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Month: December 2011

Illuminating the Word

Went to see this exhibit on the new illuminated St. John’s Bible at the New Mexico Museum of History this afternoon. Absolutely gorgeous. If you’re in or near Santa Fe, you have until April 7th to give it a look. More on my impressions later.

[full page illumination of “Creation” from the frontispiece for the book of Genesis, Donald Jackson with contributions from Chris Tomlin.]

A Homily for Christmas Eve

But what happens next?

After shepherds have returned to their flocks. After wise men return to their far off observatories in search of the next star. After the angels have packed up the the trumpets and the sheet music, what happens next?

After a house full of guests have come to celebrate the new arrival and gone on their merry ways leaving behind gifts and probably a terrific mess, we are left with simply this: a new baby, two terrified parents, and their whole lives ahead of them.

After one miraculous night comes the endless daily grind of diapers to change and sleepless nights and midnight feedings.

After the party comes the difficult, joyful, terrifying work of raising a child.

Some give this infant the name “Immanuel” – meaning “god with us.” The angels announce that he will bring peace on earth and goodwill to all people. But before any of this can happen – before god can be fully with us, before he can bring that peace on earth, he needs to learn to crawl, and then walk. Needs to be able to hold his head up and know how to feed himself.

This “god with us” needs care and nurture. And it is a care and nurture that comes from human hands.

The gospels skip over these scenes in the next several decades in the life of Jesus, and so you can understand why this is the part of the Christmas story that so often is missed. Underneath all the miracles and all the spectacle, this one truth is the astonishing, scandalous message of the Christmas story.

Immanuel comes.

God chooses to be with us.

And God chooses to be with us first in the form of an infant. Helpless. Needful. Needing the nurturing, caring hands of humans to come into the fullness of being.

God, the all powerful and all knowing, needs human care.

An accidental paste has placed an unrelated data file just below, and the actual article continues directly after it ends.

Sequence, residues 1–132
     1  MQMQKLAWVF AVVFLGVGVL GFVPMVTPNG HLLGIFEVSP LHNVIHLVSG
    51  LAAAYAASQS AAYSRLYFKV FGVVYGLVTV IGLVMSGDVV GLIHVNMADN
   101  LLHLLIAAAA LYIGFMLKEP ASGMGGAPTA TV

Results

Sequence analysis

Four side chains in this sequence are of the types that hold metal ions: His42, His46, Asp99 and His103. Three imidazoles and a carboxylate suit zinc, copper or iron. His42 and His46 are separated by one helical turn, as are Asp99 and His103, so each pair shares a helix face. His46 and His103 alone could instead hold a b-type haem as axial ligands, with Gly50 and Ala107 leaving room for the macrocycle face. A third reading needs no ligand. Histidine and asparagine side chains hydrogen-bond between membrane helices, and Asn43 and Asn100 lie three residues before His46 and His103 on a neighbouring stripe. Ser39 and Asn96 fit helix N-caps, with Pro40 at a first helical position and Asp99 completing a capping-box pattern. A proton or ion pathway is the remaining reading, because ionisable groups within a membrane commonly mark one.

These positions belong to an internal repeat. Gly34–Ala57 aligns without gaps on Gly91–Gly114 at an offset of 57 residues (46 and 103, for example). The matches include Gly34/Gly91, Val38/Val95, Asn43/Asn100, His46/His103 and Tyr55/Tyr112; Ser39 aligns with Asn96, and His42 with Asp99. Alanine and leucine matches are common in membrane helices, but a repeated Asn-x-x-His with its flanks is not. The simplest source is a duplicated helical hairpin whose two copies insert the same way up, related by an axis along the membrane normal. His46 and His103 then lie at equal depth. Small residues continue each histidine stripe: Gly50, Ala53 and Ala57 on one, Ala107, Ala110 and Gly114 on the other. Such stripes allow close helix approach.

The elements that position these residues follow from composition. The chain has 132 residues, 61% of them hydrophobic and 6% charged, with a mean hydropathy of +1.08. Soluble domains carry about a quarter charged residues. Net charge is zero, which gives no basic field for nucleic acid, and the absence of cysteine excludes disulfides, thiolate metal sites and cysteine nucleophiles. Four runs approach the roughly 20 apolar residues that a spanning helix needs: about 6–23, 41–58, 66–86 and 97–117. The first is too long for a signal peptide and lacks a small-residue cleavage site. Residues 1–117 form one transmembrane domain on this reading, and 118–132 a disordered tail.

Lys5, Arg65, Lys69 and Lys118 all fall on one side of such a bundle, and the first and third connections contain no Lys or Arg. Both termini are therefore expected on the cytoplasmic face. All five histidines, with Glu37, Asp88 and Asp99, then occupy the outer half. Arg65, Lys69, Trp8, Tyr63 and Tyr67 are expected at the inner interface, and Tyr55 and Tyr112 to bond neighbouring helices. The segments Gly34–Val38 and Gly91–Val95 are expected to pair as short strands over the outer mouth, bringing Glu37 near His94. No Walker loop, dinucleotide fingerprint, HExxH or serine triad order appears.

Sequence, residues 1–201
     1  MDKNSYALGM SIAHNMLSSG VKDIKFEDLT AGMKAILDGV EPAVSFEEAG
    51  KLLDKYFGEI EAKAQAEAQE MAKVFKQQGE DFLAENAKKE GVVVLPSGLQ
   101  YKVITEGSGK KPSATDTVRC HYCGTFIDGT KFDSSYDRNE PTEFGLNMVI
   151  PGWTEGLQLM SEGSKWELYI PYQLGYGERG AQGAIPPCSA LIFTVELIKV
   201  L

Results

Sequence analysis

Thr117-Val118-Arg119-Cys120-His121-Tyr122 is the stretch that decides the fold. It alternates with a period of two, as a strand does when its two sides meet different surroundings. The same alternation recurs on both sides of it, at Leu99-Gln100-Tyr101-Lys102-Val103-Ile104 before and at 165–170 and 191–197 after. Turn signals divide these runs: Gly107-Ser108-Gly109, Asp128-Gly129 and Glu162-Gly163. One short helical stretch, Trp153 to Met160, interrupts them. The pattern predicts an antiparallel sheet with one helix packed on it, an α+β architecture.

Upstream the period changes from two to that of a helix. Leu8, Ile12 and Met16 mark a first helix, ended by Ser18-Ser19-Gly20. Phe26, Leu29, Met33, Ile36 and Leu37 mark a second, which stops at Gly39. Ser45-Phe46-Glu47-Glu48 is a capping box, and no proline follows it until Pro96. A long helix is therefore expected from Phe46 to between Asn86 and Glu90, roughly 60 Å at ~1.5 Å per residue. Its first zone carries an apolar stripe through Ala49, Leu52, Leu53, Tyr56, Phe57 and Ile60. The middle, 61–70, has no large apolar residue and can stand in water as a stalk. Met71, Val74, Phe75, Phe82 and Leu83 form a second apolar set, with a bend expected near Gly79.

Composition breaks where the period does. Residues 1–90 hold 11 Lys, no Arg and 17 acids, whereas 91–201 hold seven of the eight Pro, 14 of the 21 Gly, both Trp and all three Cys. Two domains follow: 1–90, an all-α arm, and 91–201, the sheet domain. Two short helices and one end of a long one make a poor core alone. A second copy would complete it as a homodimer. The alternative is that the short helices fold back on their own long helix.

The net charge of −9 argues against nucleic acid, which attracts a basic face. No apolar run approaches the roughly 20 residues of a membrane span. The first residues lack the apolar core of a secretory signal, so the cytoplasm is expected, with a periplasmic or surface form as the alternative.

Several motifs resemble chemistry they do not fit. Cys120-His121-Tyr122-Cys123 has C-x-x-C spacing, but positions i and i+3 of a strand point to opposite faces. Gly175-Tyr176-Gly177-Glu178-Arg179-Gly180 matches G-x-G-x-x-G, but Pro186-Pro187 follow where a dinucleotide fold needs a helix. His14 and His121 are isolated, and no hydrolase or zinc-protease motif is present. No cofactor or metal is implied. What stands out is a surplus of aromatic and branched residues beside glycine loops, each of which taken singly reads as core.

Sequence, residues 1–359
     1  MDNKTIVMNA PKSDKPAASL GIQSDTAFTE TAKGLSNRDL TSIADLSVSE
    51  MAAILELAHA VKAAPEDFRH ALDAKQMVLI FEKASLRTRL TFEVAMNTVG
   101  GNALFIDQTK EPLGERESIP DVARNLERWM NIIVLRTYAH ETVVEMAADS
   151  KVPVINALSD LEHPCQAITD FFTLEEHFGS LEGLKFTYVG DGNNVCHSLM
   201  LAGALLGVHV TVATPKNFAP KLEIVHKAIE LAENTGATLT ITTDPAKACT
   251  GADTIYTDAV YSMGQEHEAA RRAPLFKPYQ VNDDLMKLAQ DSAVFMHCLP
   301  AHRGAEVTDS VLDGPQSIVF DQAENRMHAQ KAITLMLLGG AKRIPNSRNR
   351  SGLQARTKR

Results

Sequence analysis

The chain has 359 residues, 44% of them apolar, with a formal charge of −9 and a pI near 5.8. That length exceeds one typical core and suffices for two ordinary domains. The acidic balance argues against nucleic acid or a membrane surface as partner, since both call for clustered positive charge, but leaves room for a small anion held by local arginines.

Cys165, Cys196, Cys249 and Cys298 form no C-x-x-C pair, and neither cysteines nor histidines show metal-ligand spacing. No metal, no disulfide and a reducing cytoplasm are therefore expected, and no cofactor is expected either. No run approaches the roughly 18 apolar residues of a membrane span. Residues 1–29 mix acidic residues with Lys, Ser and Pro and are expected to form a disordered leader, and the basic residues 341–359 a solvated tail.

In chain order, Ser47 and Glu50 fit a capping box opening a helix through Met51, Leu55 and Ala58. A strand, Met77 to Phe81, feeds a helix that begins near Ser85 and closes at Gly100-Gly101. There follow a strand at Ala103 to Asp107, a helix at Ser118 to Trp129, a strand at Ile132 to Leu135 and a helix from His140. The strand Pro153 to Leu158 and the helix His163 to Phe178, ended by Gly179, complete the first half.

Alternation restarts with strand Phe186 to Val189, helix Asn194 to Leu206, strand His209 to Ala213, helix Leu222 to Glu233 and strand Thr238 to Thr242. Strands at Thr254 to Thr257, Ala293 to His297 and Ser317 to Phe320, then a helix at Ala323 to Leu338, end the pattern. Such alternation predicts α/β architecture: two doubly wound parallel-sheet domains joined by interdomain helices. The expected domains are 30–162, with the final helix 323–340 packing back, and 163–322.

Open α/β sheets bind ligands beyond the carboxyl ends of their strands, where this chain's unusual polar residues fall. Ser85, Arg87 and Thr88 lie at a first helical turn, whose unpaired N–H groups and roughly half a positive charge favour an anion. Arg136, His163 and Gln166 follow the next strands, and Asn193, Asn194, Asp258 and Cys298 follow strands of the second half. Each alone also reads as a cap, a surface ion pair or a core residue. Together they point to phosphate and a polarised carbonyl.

I don’t know how or why you celebrate the season, or what you believe. For one moment this evening, I ask you to put aside the question of whether you believe in God or not, whether you believe this story or not.

Instead I ask tonight that you hold this image in your hearts and minds: A divine being in infancy, reliant on fragile and fallible human hands for survival.

Every single one of us has been in this position of need, although our memories on the subject may be a little fuzzy.

Before the end of this day, another half million children will be born into this world, some in far healthier conditions than the ones described in this Christmas story, and many more in as poor or even worse conditions than Jesus was. Each of us, however, is reliant on those same fragile, fallible hands.

Our hands.

There is a reason why the image of Mary and the infant Jesus remains one of the most powerful and popular among artists.

The image of mother and child, and the feeling that image instills, is a near universal one. It is a symbol of an essential and an unconditional love. It is no small accident that in both Hebrew and Arabic the word for “compassion” is closely related to the word for “womb.”

Compassion reflects the love and care given by a parent – the love and care needed by a child.

That need for care, for compassion, never ends.

Even as we age, we still need those loving hands from time to time.

Tonight, another half million souls entering this world are in need of that same love and care. Some will even grow up to be as reviled and despised as Jesus was in his own lifetime. Still, they will need that care. We all still need that compassionate hand.

Whose hands will they be?

This is the challenge given to us in the astonishing message of the Christmas story.

Immanuel comes, tiny and helpless.

God with us needs the care of human hands to survive.

And if the promise of Christmas, of peace on earth and good will to all people, is to come to it fruition, then human hands are still needed to nurture it into being. Our hands are needed.

Tonight we celebrate.

Tomorrow our homes will fill with guests and food and gifts. Given the surrounding population, it is almost certain there will be a few wise men and shepherds among us. No angels, perhaps, but certainly a horn or two. Definitely music.

Then Christmas Day ends. Our guest go home, the leftover are wrapped, the decorations and the music are stored away, and our homes are left a terrific mess.

The celebration of Christmas ends, and we are left with a challenge in its place: the image of god with us, an infant; the promise of peace and goodwill for all people; the need for our hands to do the work to make it possible.

Christmas has come. Christmas will pass.

But what happens next?